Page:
—Polonious to his son Laertes in the play Hamlet. (Feb. 21)
To revise means "to see again". Often, students rush into a final copy of their work before giving themselves enough time. Put your writing away for a day or even two. Then, take a look with fresh eyes. You may be surprised by what you see! (Feb. 14) "It is a miserable state of mind to have few things to desire and many things to fear." —Sir Francis Bacon (Feb. 14)
Ever write about someone walking? When you do, remember all the great verbs in English to describe this activity. Here are a few examples: shuffle, tiptoe, stumble, stride. Each one is a powerful verb. Remember to use verbs like these in your writing. (Feb. 7) "A poet writes always of his personal life, in his finest work out of its tragedy, whatever it be, remorse, lost love, or mere loneliness."—William Butler Yeats (Feb. 7)
Ever meet someone from a different culture/country? Most people would answer yes. From this experience (or even from meeting two or three people) you may have decided you know people of this culture or country pretty well. Doing this is called stereotyping. In writing, avoid using stereotypes as they are signs of poor logic. Remember to use factual information to make your generalizations. (Jan. 31)

Let poetry be like a key
Opening a thousand doors.
A leaf falls; something flies by;
Let all the eye sees be created
And the soul of the listener tremble.

—from Ars Poetica by Vicente Huidobro (Jan. 31)

George Lakoff and Mark Johnson argue that "metaphor is not just a matter of language, that is of mere words. . . . on the contrary, human thought processes are largely metaphorical." One concept we are all familiar with is that "time is money". We say, "How did you spend your time?" or "I lost a lot of time". We treat time and money as being the same. This is how metaphor works and goes to show how our language uses metaphor to express many ideas. (Jan. 24)

5.
I do not know which to prefer,
The beauty of inflections
Or the beauty of innuendoes,
The blackbird whistling
Or just after.

—from Thirteen Ways of Looking at a Blackbird by Wallace Stevens

(Jan. 24)

Life is full of experiences, good and bad. The recent death of a friend taught me how everything we experience can be made part of our writing. As I listened to people speak about my friend, I heard about many things. I found the smallest details the most important. For example, my friend always spoke to the janitors at his workplace and never passed them by. From this small detail, I received an important insight. If you want to become a good writer, then remember to notice (and note) the small details of life. They may just be the most important ones to write about after all. (Jan. 17) Do not go gentle into that good night,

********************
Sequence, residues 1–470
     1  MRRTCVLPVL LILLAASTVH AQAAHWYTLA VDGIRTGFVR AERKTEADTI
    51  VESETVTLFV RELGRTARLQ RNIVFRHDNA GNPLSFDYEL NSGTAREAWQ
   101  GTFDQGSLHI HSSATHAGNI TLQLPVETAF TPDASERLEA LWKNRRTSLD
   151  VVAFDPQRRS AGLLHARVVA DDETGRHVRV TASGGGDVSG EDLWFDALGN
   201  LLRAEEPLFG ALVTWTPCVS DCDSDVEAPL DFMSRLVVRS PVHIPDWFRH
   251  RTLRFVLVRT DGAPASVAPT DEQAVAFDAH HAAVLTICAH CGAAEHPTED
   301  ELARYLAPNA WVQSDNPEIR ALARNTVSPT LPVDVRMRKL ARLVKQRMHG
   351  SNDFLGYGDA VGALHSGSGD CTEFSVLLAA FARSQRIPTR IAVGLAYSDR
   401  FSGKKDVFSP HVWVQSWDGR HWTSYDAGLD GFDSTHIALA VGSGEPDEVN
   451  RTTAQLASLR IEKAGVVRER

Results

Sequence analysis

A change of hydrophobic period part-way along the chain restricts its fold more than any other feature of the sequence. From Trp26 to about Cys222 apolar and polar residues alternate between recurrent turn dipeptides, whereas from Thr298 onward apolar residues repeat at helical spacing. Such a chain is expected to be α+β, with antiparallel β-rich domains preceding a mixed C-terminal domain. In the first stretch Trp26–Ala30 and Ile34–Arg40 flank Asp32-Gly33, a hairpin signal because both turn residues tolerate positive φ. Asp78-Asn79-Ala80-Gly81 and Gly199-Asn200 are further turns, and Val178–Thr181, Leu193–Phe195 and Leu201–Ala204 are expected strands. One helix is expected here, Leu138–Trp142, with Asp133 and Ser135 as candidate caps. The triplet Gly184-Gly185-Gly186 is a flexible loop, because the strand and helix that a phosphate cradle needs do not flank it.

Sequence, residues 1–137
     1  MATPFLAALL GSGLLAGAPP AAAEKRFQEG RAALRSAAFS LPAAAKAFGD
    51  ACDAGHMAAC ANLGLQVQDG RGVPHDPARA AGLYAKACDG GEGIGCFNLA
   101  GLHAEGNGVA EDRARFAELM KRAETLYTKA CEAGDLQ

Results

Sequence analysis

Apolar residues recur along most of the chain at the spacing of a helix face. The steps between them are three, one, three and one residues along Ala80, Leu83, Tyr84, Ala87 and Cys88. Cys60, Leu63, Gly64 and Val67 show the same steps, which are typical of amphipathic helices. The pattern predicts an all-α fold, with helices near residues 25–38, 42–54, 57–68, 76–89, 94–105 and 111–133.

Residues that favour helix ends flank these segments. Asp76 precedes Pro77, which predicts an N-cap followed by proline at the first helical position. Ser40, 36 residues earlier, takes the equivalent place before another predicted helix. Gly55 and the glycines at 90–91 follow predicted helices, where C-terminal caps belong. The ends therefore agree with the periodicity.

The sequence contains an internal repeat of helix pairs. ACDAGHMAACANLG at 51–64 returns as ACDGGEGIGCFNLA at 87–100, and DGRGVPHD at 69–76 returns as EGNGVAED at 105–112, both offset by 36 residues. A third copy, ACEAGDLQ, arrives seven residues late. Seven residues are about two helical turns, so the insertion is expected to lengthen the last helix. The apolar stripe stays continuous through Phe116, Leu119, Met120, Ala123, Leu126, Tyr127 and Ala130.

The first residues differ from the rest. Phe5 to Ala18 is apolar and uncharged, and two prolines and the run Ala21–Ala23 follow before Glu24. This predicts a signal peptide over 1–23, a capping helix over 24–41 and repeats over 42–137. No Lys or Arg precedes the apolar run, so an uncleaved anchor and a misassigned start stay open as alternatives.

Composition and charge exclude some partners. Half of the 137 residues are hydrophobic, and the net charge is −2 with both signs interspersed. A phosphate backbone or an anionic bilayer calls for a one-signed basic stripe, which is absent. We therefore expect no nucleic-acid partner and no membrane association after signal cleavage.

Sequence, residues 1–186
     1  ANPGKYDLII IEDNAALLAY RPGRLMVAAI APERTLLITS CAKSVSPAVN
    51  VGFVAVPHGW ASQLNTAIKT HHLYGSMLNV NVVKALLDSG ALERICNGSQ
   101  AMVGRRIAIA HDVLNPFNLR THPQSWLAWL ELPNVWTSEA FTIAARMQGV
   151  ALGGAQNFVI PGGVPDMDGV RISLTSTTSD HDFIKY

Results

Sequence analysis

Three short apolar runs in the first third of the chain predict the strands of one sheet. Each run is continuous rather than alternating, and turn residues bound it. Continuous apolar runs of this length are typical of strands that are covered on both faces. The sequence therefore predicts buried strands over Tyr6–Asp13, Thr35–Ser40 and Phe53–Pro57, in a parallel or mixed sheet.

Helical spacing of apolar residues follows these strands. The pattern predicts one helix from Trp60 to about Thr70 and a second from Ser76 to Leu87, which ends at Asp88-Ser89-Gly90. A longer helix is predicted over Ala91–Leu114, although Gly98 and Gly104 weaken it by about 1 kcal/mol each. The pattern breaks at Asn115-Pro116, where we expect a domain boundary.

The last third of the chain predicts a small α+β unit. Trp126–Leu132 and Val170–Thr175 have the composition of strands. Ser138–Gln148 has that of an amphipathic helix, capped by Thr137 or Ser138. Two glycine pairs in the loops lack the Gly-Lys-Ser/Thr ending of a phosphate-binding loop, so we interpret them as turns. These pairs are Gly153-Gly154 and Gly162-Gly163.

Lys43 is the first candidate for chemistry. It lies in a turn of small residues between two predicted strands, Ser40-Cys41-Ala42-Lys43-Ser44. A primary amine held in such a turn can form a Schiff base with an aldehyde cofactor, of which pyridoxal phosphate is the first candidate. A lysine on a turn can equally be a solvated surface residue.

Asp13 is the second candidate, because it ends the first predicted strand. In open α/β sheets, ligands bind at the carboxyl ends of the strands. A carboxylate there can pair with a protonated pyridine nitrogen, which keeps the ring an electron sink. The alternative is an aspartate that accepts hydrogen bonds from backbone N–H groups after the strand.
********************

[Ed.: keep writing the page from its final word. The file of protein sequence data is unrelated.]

Old age should burn and rave at close of day; 
Rage, rage against the dying of the light. 
Though wise men at their end know dark is right, 
Because their words had forked no lightning they 
Do not go gentle into that good night. 
Good men, the last wave by, crying how bright 
Their frail deeds might have danced in a green bay, 
Rage, rage against the dying of the light. 
Wild men who caught and sang the sun in flight, 
And learn, too late, they grieved it on its way, 
Do not go gentle into that good night. 
Grave men, near death, who see with blinding sight 
Blind eyes could blaze like meteors and be gay, 
Rage, rage against the dying of the light. 
And you, my father, there on the sad height, 
Curse, bless me now with your fierce tears, I pray. 
Do not go gentle into that good night. 
Rage, rage against the dying of the light. —Dylan Thomas (Jan. 17)
Often, as a teacher, I find students try to say too much in too short a time. It is more interesting to give a complete picture of one small thing than it is to sketch something much larger. The single rosebush in the garden is a good small paragraph topic; the garden itself is an essay, or perhaps even a book. Limit your ideas to the space available and watch your writing improve! (Jan. 10) "A good poet is someone who manages, in a lifetime of standing out in thunderstorms, to be struck by lightning five or six times; a dozen or two dozen times and he is great." —Robin Skelton (Jan. 10)
Topic sentences contain "controlling ideas". Such ideas need to be explained, defined, clarified or illustrated by the writer. Thus, a good topic sentence is rarely a simple statement of fact. Not, "There is a vegetable store in my neighbourhood"; instead "One of my neighbourhood stores is the best place to buy vegetables." (Jan. 3, 2000) "Poetry is the algebra of the heart." 
—e. e. cummings (Jan. 3, 2000)